Some 3,000 of Caracas, Venezuela’s poor have been evicted from their homes in the 45-story shantytown called the “Tower of David.”
According to an August 3 Deseret News article, the tower has been inhabited for about seven years after construction on the skyscraper halted during Venezuela’s financial crisis.
The “Tower of David,” named after building developer David Brillembourg, had originally been intended to be a financial and banking center, a July 22 Reuters article reported.
Then-president Hugo Chavez had encouraged low-income families to move into the tower, which has neither elevators nor a facade in some places. Over time, the squatters established their own running water, electricity and plumbing in the building, according to the Deseret News.
“The tower does not meet the minimum conditions for safe, dignified living,” a government official stated last week as the reason behind the mass eviction, which took place “peacefully,” Reuters reported.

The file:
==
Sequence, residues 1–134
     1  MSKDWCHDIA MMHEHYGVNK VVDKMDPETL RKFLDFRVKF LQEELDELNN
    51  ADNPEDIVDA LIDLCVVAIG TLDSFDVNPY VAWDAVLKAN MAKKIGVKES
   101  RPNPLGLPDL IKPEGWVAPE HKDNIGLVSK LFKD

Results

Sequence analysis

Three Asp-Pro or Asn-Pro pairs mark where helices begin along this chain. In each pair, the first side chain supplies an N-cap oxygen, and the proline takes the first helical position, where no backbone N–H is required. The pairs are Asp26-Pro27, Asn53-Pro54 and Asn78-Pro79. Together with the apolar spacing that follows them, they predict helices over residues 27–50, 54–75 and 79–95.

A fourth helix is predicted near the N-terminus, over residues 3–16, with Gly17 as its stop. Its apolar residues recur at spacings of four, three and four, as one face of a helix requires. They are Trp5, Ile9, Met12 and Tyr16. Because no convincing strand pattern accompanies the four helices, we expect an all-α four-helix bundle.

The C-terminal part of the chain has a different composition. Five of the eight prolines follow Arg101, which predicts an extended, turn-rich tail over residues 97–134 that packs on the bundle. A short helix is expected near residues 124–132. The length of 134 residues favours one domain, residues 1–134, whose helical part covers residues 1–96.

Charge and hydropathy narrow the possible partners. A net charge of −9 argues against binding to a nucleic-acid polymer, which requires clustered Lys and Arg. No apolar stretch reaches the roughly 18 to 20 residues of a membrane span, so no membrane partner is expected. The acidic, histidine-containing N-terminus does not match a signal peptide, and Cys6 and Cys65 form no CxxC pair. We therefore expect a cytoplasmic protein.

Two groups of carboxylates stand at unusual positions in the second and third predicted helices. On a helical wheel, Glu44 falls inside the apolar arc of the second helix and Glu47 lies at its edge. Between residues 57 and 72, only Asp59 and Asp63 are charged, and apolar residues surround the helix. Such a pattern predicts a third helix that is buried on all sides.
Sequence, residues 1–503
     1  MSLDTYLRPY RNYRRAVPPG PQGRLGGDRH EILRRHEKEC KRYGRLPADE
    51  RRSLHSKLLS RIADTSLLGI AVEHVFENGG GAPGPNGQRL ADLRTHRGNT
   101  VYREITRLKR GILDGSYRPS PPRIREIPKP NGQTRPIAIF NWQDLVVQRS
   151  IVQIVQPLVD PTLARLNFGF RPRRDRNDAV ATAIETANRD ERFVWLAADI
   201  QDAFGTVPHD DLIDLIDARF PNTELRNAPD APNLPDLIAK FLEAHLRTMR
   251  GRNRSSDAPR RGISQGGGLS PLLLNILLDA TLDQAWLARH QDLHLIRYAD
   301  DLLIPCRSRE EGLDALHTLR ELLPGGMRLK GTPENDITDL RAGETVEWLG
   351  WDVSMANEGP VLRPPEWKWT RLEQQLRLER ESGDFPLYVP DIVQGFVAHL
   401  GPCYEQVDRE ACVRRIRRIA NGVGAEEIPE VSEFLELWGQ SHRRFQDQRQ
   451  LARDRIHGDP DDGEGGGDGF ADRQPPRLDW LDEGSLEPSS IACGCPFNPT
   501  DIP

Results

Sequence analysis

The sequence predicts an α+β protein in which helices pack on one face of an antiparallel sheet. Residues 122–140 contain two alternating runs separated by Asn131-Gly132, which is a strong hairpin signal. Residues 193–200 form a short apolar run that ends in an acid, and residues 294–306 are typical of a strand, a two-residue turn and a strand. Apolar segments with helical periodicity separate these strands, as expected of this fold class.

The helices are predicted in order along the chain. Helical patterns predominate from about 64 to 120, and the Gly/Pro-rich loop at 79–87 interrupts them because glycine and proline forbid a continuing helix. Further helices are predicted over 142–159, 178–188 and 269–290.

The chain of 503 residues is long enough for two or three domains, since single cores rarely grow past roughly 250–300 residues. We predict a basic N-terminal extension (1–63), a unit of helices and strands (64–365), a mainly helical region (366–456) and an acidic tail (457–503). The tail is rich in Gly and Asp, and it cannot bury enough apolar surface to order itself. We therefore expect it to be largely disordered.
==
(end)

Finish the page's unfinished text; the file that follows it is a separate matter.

And while the building was, in fact, a safe haven from Caracas’ barrios, which are rife with crime, and were well-organized and cleaned, there were still a number of safety and health hazards for its residents.
Because there were no shutters on the windows, which can help reduce thermal bridging, people sometimes fell off ledges to their deaths. The lack of elevators was a major inconvenience for residents of higher floors, and electricity and water could sometimes be inconsistent, according to Reuters.
Evicted residents of the Tower of David will be relocated to public housing a few hours outside of Caracas, according to the Deseret News.